Q&A: Bob Goudzwaard

Reluctant rider on NATO’s wagon

February 25 1980
Q&A: Bob Goudzwaard

Reluctant rider on NATO’s wagon

February 25 1980

Reluctant rider on NATO’s wagon

Q&A: Bob Goudzwaard

In December the North Atlantic Treaty Organization made one of the most crucial decisions of its 31-year history: to modernize its European nuclear strike force with 572 medium-range nuclear missiles aimed directly at the Soviet Union. Although the NATO decision was termed a “consensus, ” the Netherlands, Belgium and Denmark objected to the new weapons. In light of U.S. sabre-rattling in response to the Soviet invasion of Afghanistan, many Europeans still question the NATO decision, says Bob Goudzwaard, a prime mover in the Dutch opposition to rearmament. A former member of the Dutch parliament, economist, author, supporter of European autonomy and influential policy adviser to the Christian Democratic Appeal (CDA), the party in power in the Netherlands, Goudzwaard opposes the

NATO decision on the grounds that justice, not fear, ought to be the norm for international relations, even in the case of nuclear weapons. During a recent visit to Canada, Goudzwaard was interviewed for Maclean’s by free-lance writer Roberta Green.

Maclean’s: A cliché current in Europe says that the U.S. is willing to fight the Soviets to the last European. What role did that fear play in the NATO decision? Goudzwaard: A crucial role. To take a step back, fear was a major factor in the birth of NATO. Paul-Henri Spaak opened its first session with these words: “Nous avons peur tous”—We are all afraid. With safety as our final goal, any action necessary to fight our fear is all right. In my opinion, however, it is better to act according to principles of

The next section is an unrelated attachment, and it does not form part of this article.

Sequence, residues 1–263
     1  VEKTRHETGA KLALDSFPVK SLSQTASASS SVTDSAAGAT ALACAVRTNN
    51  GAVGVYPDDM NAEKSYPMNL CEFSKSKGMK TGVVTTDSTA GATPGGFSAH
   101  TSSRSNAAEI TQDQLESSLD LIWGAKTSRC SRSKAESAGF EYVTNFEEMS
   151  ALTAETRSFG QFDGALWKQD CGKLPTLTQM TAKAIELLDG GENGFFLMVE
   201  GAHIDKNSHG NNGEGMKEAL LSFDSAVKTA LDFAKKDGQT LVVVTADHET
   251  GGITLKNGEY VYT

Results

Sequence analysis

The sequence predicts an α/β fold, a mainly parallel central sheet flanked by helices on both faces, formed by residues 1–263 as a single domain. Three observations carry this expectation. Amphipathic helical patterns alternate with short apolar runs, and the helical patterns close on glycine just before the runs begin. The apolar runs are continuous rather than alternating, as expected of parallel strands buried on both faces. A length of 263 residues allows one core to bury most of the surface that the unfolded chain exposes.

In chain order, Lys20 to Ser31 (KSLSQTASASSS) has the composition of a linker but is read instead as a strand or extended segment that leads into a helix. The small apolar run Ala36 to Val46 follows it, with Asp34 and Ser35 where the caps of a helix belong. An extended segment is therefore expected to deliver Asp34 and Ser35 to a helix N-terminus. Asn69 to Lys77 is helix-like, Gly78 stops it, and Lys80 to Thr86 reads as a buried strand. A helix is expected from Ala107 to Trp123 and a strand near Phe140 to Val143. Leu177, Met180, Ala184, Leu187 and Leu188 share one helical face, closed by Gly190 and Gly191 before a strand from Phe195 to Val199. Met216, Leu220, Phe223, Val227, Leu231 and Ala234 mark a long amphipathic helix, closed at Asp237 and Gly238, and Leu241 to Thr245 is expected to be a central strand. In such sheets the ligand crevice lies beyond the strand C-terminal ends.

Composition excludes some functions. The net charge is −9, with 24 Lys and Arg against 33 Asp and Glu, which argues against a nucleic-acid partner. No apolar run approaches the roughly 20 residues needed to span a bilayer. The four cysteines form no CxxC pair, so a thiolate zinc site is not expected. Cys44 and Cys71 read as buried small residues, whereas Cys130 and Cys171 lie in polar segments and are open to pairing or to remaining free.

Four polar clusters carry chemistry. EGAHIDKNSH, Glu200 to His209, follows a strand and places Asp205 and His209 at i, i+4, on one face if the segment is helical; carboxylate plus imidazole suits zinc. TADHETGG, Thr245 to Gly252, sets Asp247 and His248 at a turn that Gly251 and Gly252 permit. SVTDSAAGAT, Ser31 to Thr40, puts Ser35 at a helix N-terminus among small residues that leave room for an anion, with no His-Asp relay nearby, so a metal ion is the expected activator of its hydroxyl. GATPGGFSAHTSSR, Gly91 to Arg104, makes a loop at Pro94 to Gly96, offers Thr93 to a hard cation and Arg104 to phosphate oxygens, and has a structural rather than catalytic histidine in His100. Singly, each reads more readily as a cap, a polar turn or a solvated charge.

‘Europe is asking for the destruction of the world9

justice for international relations than according to fear.

Maclean’s: Great Britain, West Germany, and Italy backed the NATO decision because they saw a need to maintain a defence link with the U.S. How is that link important?

Goudzwaard: The link became important when Henry Kissinger told NATO’s 30th anniversary assembly last fall not to count too heavily on the protection of the U.S. strategic nuclear umbrella, implying that Europe should look after its own defence. Some nations—Great Britain, West Germany and Italy among them—then said that Europe had to do everything possible to maintain a link to those U.S. strategic forces. Installing 572 U.S.-made, U.S.-manned, U.S.-controlled medium-range missiles was viewed as one way to ensure U.S. involvement should Europe be attacked. Europe’s military link to the U.S. also raises an ethical problem because by seeking U.S. strategic aid in the case of an attack, Europe is in effect asking for the destruction of the world.

Maclean’s: What would be the effects of breaking the link between Western Europe and U.S. strategic deterrence? Goudzwaard: First, it is almost unimaginable that a European nuclear force could ever equal the combined conventional and nuclear force of the Soviet Union. So breaking the link to the U.S. leaves Europe to cope with a power it cannot cope with at all. In response, some Europeans say we should just give up while others say we will have to spend more for weapons than ever before.

Maclean’s: NATO planners believe the new missiles will both strengthen the alliance and give it an important new bargaining chip with the Soviet Union. Why, then, did the Dutch parliament oppose the decision?